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The Confusion Lingers with WordPress.com and WordPress.org

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A few months back I was at a day-long conference for realtors and dropped in on a beginning WordPress session. The focus was on starting up a blog and the questions were pretty typical. As often happens, some of the same questions cropped up. One was, what is the difference between WordPress.com and WordPress.org?

As the speaker began to explain it, I saw some puzzled faces. People were clearly confused, especially three beginning bloggers.

Then, about a week ago, a start-up blogger sent me an email. She was totally confused. Someone had told her that it “was better to use .org,” but didn’t tell her what that meant. Of course, she thought he was talking about .org on the end of her domain name (as opposed to .com). So she ended up buying the .org extension. When I asked her why, she said, “He told me I should be using .org instead, and that’s all he said.”

Now I will admit I have used that same line for a long time. All of us WordPress peeps do. But several months ago, I realized that it’s confusing to new bloggers, when we describe it as “WordPress.com vs. WordPress.org.”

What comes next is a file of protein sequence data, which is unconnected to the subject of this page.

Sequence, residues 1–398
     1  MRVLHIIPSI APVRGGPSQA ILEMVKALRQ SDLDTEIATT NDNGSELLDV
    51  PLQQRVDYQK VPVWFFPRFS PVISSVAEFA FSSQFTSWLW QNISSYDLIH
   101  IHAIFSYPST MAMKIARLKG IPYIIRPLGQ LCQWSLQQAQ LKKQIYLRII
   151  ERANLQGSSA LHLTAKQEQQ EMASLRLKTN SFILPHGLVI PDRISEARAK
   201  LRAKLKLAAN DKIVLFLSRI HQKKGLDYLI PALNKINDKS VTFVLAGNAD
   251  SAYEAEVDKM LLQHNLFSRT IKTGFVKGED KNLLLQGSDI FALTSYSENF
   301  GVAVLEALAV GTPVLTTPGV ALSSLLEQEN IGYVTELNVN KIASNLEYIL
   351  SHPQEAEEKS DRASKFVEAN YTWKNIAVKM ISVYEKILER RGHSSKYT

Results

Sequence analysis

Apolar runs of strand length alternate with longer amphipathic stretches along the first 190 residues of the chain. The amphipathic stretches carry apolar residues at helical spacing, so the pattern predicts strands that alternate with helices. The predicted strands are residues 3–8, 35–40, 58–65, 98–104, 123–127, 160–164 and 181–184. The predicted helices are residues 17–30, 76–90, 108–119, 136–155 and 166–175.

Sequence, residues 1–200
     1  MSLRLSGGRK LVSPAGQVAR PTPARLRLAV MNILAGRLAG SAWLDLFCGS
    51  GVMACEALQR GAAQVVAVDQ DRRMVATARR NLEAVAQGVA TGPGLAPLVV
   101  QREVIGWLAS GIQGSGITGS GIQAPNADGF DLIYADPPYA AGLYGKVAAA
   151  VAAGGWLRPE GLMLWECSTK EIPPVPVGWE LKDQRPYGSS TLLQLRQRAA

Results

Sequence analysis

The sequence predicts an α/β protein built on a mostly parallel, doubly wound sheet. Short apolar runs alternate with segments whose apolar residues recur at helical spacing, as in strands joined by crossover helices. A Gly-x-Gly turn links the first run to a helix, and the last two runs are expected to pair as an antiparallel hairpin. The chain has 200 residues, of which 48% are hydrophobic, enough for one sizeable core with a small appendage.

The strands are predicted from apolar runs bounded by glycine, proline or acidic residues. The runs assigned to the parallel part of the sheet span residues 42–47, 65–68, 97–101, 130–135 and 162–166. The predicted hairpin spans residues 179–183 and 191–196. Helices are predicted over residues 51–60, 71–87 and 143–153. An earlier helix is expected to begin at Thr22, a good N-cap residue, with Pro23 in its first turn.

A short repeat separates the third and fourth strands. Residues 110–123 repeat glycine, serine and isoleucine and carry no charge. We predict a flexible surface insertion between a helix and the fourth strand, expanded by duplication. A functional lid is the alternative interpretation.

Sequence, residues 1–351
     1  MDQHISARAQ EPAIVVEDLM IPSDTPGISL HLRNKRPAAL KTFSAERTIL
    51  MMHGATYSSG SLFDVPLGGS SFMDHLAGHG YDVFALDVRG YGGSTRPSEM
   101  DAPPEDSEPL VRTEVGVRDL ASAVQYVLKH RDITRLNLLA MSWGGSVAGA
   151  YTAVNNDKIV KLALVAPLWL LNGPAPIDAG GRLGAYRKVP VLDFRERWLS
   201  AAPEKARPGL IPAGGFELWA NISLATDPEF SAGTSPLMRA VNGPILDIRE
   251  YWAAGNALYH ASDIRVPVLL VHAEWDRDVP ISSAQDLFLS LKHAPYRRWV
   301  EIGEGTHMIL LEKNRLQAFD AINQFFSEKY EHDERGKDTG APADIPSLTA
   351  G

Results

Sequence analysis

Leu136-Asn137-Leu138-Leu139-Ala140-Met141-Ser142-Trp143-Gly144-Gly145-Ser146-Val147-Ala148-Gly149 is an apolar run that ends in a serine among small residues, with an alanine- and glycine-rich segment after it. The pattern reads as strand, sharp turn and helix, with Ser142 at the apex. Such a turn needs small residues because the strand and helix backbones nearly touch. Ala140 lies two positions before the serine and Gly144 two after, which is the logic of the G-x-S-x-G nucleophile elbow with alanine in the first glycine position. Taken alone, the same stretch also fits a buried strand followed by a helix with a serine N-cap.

So, I took it upon myself to change it. Now I explain it as:

WordPress.com vs. WordPress.org a self-hosted WordPress blog

This explanation makes much more sense. WordPress.com is a platform that allows you to build your blog for free. Your site then resides on WordPress.com.

If you go for a self-hosted blog, you are taking the free software from WordPress.org (that is the only time I mention .org, as the WordPress site where you get the software) and install it on your own hosting service, such as Bluehost, Hostgator, or God forbid, GoDaddy. And, of course, you pay a small monthly fee to whichever hosting service you choose.

There are major differences, of course, in what you can do with a free WordPress.com blog and a self-hosted one. These can all be sorted out and you can decide for yourself which is best. After, that is, you understand that going the WordPress.org route does not mean that your blog will be on the WordPress.org site.

Just like all the themes, plugins and widgets there, you are simply grabbing and putting them on your own self-hosted site. I actually heard from a colleague who had discussed moving her blog to WordPress with her current webmaster. And he insisted that her site would sit on WordPress.org. Yikes!

So let’s settle this confusion once and for all, and tell it like it is. Got it?

Bob Dunn is a blogger and WordPress trainer. Having taught hundreds of people through his workshops and presentations, he also does one-on-one training and support. You can find him at BobWP.com where he shares videos and tutorials about WordPress, blogging and social media.


Feedback

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  • kristinB